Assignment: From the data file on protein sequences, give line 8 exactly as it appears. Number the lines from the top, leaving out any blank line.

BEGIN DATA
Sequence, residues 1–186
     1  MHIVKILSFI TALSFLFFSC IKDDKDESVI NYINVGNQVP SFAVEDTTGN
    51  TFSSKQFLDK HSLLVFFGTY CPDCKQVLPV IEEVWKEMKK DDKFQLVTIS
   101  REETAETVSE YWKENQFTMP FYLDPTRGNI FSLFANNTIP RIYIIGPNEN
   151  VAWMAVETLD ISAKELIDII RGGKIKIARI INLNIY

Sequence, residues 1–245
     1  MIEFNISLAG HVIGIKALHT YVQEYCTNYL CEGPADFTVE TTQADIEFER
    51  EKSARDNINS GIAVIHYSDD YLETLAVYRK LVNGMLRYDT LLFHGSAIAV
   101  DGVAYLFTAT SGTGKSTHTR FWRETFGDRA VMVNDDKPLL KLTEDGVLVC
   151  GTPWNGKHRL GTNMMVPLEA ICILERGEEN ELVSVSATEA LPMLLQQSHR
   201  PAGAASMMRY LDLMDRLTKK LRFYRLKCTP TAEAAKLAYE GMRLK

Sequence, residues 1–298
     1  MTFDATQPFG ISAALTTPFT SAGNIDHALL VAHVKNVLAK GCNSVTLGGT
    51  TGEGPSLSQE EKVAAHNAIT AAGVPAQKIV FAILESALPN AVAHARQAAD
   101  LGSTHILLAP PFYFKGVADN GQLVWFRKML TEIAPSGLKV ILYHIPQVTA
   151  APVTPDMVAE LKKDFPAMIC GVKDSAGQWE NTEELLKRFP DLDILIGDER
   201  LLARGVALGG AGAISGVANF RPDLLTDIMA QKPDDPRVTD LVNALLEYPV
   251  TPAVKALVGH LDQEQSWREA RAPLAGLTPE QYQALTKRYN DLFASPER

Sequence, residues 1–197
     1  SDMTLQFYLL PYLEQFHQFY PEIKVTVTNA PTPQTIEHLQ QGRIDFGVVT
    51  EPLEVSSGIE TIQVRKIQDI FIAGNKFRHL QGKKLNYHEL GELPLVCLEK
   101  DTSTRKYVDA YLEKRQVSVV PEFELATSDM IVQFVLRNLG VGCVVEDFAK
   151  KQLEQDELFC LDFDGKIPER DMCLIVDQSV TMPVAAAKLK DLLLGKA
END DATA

    51  EKSARDNINS GIAVIHYSDD YLETLAVYRK LVNGMLRYDT LLFHGSAIAV